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els. 41. 10. 1 Cor. 10. 13. f Jer. 10. 6. g Ps. 68. 4, 33. A Pe. 90. 1. 1s. 25. 4.

it thus, "The strength of thine old age shall be like that of thy youth; thou shalt not feel a decay, nor be the worse for the wearing, but shalt renew thy youth; as if not thy shoes only, but thy bones, were iron and brass." The day is often in scripture put for the events of the day; and taking it so here, it is a promise that God would graciously support them under their trials and troubles, whatever they were. And so it is a promise sure to all the spiritual seed of Abraham, that God will wisely proportion their graces and comforts to the services and sufferings he calls them out to. Have they work appointed them? They shall have strength to do it. Have they burdens appointed them? They shall have strength to bear them; and never be tempted above that they are able. Faithful is he that has thus promised, and hath caused us to hope in this promise. V. 26-29. These are the last words of all that ever Moses, that great writer, that great dictator, either wrote himself, or were written from him, and they are therefore very remarkable; and no doubt we shall find them very improving. Moses, the man of God, (who had as much reason as ever any mere man had to know both,) with his last breath magnifies both the God of Israel, and the Israel of God. They are both incomparable in his eye; and we are sure that in this his judgment of both, his eye did not wax dim.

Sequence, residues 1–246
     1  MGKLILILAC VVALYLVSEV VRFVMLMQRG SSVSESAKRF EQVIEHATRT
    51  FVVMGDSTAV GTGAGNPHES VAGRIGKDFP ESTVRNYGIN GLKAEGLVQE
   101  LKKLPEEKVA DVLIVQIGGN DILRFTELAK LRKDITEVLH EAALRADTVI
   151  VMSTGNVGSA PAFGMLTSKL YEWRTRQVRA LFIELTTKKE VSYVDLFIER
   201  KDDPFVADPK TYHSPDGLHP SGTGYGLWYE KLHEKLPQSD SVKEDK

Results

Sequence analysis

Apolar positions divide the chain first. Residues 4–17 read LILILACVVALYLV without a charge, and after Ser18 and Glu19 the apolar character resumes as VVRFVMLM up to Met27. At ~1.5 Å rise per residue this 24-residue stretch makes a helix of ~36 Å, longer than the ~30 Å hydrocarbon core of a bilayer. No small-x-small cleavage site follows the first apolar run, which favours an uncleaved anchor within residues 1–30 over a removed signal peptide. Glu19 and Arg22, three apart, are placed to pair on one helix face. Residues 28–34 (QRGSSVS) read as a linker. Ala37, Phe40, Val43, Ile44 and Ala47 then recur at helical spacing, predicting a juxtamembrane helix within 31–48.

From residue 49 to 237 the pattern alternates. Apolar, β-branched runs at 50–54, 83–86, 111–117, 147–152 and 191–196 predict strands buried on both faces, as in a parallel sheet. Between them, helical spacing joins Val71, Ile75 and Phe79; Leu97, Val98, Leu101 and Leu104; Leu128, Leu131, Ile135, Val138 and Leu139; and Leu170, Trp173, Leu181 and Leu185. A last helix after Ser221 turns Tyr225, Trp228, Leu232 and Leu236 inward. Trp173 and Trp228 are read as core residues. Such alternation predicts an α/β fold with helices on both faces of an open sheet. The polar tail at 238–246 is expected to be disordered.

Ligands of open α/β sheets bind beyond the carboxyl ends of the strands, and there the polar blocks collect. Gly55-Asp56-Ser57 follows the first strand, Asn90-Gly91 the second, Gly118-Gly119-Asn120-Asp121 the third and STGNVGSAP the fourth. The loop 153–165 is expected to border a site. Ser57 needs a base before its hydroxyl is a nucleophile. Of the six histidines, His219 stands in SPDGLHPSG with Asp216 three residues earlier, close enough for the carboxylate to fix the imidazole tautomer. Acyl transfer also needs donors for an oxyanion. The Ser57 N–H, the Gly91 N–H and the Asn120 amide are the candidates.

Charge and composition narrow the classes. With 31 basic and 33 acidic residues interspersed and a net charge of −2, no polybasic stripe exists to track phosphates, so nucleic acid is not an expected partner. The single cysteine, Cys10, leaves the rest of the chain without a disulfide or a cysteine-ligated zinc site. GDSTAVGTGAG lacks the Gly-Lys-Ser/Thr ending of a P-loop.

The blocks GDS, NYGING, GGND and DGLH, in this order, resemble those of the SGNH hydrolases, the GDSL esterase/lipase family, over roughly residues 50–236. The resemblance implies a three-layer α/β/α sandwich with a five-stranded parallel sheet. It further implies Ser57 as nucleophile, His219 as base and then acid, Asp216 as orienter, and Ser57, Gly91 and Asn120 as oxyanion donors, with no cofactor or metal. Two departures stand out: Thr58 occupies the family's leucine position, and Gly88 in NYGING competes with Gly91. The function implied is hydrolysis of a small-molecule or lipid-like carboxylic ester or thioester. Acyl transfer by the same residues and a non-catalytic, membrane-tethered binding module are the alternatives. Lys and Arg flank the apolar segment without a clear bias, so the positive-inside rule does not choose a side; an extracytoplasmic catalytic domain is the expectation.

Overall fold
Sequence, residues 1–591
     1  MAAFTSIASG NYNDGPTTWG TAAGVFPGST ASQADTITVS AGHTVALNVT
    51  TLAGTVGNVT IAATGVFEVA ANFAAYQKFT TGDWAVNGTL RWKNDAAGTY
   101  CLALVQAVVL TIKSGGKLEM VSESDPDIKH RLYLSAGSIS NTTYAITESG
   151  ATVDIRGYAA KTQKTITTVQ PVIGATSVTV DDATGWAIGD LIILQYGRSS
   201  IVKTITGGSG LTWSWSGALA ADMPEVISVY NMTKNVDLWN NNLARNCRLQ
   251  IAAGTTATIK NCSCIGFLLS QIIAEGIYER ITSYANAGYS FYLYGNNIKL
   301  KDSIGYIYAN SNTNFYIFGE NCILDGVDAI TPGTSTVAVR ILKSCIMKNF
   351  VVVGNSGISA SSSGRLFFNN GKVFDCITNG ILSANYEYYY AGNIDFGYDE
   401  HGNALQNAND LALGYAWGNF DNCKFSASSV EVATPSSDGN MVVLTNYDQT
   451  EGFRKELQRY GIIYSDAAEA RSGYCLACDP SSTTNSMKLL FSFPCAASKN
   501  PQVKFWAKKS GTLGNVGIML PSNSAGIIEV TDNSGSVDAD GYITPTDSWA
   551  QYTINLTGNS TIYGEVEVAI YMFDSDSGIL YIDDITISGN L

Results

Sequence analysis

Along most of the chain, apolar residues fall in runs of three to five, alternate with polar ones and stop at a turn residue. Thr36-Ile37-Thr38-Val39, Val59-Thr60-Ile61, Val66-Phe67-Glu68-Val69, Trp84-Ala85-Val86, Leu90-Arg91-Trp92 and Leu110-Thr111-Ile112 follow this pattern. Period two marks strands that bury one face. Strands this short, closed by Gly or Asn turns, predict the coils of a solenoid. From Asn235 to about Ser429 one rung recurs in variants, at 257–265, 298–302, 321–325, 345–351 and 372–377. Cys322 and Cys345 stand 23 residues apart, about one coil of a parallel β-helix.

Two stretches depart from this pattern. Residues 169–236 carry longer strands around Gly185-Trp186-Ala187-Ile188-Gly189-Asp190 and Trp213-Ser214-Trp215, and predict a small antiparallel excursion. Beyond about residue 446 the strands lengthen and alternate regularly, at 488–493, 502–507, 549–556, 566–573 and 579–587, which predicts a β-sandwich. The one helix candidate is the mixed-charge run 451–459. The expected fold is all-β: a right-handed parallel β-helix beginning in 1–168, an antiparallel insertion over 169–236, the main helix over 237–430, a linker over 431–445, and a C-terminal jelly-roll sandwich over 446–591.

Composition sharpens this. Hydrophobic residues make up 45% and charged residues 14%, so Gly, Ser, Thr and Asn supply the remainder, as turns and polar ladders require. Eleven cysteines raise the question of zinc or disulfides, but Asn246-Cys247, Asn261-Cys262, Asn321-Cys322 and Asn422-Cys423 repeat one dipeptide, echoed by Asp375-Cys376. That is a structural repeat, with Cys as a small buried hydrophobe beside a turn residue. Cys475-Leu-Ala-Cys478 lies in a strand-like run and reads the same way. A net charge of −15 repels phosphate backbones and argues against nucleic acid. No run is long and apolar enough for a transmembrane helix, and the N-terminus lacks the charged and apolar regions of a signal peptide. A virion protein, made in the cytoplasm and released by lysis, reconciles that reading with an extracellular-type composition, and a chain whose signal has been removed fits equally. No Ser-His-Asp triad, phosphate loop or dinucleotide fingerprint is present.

. It

I. No god like the God of Israel. None of the gods of the nations were capable of doing that for their worshippers which Jehovah did for his, (v. 26,) There is none like unto the God of Jeshurun. Note, When we are expecting that God should bless us in doing well for us, we must bless him by speaking well of him; and one of the most solemn ways of praising God, is, by acknowledging that there is none like him. Now, 1. This was the honour of Israel; every nation boasted of its god, but none had such a God to boast of as Israel had. was their happiness, that they were taken into covenant with such a God. Two things he takes notice of as proofs of the incontestable pre-eminence of the God of Jeshurun above all other gods. (1.) His sovereign power and authority; he rides upon the heavens, and with the greatest state and magnificence on the skies. Riding on the heavens denotes his greatness and glory, in which he manifests himself to the upper world, and the use he makes of the influences of heaven, and the productions of the clouds, in bringing to pass his own counsels in this lower world: he manages and directs them as a man does the horse he rides on. When he has any thing to do for his people, he rides upon the heavens to do it: for he does it swiftly and strongly, no enemy can either anticipate or obstruct the progress of him that rides on the heavens. (2.) His boundless eternity; he is the eternal God, and his arms are everlasting, v. 27. The gods of the heathen were but lately invented, and would shortly perish; but the God of Jeshurun is eternal, he was before all worlds, and will be when time and days shall be no more. See Hab. 1. 12.